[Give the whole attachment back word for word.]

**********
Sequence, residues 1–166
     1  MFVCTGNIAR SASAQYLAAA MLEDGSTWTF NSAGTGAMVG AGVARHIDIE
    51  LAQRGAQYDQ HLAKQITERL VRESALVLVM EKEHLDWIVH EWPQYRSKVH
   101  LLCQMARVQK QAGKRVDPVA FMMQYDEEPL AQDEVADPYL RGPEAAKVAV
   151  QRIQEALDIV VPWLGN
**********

Sequence, residues 1–166
     1  MFVCTGNIAR SASAQYLAAA MLEDGSTWTF NSAGTGAMVG AGVARHIDIE
    51  LAQRGAQYDQ HLAKQITERL VRESALVLVM EKEHLDWIVH EWPQYRSKVH
   101  LLCQMARVQK QAGKRVDPVA FMMQYDEEPL AQDEVADPYL RGPEAAKVAV
   151  QRIQEALDIV VPWLGN